Bench Power Supply Part 2

Now that I’ve got my specs figured out, it’s time to start some high level design. This will allow me to get the layout of the power supply set before diving into the small details. Hopefully this will make the design process more efficient. One of the biggest things that will affect this high-level design is one particular design specification lexapro 10 mg. That is, the call for a switching knock-down stage. The reason I chose to include this is efficiency. Many lab power supplies I’ve seen out there have one thing in common: Many of them use linear regulators like the LM7805 or LM317. These are good devices, but they all have very low efficiency, especially when the dropout voltage is high. Enter switching regulators. Switching regulators can have very high efficiency (upwards of 95%) which allows for higher current handling, and less heat dissipation. However, they have a drawback. Switching regulators typically have more noise on their outputs. They may be OK for some circuitry, but this inherent noise will not do for the lab power supply I intend to build. To get the best of both worlds, I plan to use both types of regulators in my design. The switching regulator will take care of most of the voltage dropout first, while leaving about 2-3 volts for the non-switching (a.k.a. linear) portion to drop second. This will reduce power dissipated in the non-switching section of the power supply, which has numerous advantages, including (hopefully) eliminating the need for a noisy fan, as I’d like to make this thing as small, quiet, and cool as possible. This would definitely not be possible without the switching section in front. Now, it’s time to make some initial part choices:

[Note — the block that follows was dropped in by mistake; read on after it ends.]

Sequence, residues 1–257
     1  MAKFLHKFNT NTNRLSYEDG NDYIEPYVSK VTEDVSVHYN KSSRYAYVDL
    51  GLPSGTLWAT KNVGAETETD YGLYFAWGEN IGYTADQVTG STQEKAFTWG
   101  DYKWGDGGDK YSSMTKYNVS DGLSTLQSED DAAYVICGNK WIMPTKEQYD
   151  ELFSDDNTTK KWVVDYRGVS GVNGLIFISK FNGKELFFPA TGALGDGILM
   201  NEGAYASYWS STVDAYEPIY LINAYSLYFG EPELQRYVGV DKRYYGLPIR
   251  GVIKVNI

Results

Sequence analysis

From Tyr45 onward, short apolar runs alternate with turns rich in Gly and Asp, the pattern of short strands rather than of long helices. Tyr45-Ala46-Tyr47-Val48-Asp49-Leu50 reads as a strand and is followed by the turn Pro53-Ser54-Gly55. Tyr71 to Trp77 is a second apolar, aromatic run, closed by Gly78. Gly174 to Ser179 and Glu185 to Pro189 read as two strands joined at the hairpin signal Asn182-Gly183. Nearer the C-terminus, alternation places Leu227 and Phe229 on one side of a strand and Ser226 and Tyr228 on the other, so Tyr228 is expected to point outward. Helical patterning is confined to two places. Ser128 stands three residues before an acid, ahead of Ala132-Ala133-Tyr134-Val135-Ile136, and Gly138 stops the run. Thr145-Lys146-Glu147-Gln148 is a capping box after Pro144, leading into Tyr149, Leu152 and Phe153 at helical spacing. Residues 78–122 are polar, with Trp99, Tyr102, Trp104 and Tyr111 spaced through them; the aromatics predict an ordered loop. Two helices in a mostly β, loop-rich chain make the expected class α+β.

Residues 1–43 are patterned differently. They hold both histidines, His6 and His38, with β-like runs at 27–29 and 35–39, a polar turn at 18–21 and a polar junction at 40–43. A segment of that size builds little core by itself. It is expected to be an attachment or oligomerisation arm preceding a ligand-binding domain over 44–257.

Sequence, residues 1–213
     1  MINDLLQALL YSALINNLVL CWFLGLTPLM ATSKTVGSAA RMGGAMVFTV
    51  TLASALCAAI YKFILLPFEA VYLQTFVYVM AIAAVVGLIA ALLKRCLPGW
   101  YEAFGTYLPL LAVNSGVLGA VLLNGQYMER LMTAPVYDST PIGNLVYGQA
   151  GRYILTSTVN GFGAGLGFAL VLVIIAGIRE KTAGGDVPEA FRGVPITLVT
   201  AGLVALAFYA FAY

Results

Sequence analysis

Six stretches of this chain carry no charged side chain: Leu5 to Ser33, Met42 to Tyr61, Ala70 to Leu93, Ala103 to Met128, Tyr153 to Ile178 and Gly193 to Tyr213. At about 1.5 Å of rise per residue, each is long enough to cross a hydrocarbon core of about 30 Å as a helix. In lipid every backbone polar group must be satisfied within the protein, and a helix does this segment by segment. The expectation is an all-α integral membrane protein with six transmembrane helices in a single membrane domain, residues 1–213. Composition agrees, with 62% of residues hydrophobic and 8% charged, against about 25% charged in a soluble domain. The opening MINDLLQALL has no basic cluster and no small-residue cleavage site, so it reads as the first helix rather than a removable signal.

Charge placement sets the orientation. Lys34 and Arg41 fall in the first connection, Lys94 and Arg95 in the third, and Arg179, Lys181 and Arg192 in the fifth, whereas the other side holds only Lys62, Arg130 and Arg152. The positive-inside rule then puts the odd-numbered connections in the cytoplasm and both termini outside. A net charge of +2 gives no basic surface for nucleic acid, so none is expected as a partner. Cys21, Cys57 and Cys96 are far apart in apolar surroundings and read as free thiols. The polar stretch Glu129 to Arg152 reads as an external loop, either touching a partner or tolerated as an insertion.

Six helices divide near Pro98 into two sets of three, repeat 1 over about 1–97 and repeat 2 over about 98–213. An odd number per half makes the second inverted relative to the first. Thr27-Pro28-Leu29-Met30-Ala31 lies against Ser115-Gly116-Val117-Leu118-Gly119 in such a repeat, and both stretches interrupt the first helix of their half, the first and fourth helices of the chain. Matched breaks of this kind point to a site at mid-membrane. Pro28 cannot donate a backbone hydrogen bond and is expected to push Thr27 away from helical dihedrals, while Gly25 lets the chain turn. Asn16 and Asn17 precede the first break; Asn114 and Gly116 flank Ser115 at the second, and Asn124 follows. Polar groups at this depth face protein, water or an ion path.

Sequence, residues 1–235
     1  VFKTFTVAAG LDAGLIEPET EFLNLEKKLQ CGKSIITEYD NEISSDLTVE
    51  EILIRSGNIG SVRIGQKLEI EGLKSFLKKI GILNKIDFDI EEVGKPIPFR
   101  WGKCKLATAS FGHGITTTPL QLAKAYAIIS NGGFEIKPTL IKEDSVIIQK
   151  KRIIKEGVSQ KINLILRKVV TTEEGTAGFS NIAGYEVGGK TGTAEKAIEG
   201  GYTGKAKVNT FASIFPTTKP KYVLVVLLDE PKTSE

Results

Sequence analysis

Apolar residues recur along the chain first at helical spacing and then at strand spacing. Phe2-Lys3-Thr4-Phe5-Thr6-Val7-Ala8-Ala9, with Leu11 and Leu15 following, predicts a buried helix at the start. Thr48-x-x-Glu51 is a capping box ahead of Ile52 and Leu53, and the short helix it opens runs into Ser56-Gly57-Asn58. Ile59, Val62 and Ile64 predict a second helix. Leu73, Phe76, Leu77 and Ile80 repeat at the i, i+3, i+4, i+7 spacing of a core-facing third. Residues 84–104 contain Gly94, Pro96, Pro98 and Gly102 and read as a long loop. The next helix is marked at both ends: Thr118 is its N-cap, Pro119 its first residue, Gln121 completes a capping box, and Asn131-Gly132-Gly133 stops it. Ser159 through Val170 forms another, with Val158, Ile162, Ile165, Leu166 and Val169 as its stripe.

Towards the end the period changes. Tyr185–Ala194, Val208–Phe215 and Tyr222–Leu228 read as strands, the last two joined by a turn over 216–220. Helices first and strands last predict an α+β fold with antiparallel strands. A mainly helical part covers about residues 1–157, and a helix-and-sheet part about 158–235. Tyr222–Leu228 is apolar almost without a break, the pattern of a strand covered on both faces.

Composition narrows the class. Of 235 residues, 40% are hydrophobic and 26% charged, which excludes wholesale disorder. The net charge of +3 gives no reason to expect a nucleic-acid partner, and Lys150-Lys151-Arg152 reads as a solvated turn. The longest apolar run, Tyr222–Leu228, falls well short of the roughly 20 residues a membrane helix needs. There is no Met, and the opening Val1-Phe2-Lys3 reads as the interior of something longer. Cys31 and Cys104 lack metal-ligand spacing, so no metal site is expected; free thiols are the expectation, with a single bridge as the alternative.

Parts List:

Linear Output transistor: P-Channel MOSFET IRF9540
Switching Regulator: LM2679-ADJ
Switching Regulator Inductor: Digikey# 553-1121-ND
Switching Regulator Capacitor: Digikey# P15372CT-ND
Current Sensor: ACS712
This should help lay the groundwork of the power supply. Next we’ll look at putting in some control circuitry, including op-amps and so on…

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